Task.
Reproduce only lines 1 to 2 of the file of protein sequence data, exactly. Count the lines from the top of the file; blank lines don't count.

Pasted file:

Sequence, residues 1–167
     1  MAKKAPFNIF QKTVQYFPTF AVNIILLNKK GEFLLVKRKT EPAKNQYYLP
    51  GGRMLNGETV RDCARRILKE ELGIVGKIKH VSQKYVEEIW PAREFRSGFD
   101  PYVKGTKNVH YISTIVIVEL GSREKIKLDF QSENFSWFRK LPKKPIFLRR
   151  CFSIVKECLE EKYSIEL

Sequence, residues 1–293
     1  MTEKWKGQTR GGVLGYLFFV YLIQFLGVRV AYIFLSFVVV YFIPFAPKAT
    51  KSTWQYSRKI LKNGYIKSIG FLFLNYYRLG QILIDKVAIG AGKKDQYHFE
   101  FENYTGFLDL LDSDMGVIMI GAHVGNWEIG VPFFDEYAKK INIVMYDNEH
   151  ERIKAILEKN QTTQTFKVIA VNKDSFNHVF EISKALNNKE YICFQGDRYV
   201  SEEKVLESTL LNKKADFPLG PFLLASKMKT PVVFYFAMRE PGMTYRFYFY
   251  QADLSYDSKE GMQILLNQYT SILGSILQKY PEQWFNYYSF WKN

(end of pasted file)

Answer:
Sequence, residues 1–167
     1  MAKKAPFNIF QKTVQYFPTF AVNIILLNKK GEFLLVKRKT EPAKNQYYLP